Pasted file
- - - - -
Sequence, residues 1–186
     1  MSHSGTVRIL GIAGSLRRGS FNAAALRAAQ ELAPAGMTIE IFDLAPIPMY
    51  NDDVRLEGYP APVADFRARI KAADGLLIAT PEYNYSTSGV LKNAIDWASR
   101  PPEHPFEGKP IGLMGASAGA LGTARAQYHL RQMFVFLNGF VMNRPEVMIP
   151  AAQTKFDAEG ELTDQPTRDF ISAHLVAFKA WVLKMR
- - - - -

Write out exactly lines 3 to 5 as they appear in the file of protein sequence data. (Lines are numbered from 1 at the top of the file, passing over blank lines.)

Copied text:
    51  NDDVRLEGYP APVADFRARI KAADGLLIAT PEYNYSTSGV LKNAIDWASR
   101  PPEHPFEGKP IGLMGASAGA LGTARAQYHL RQMFVFLNGF VMNRPEVMIP
   151  AAQTKFDAEG ELTDQPTRDF ISAHLVAFKA WVLKMR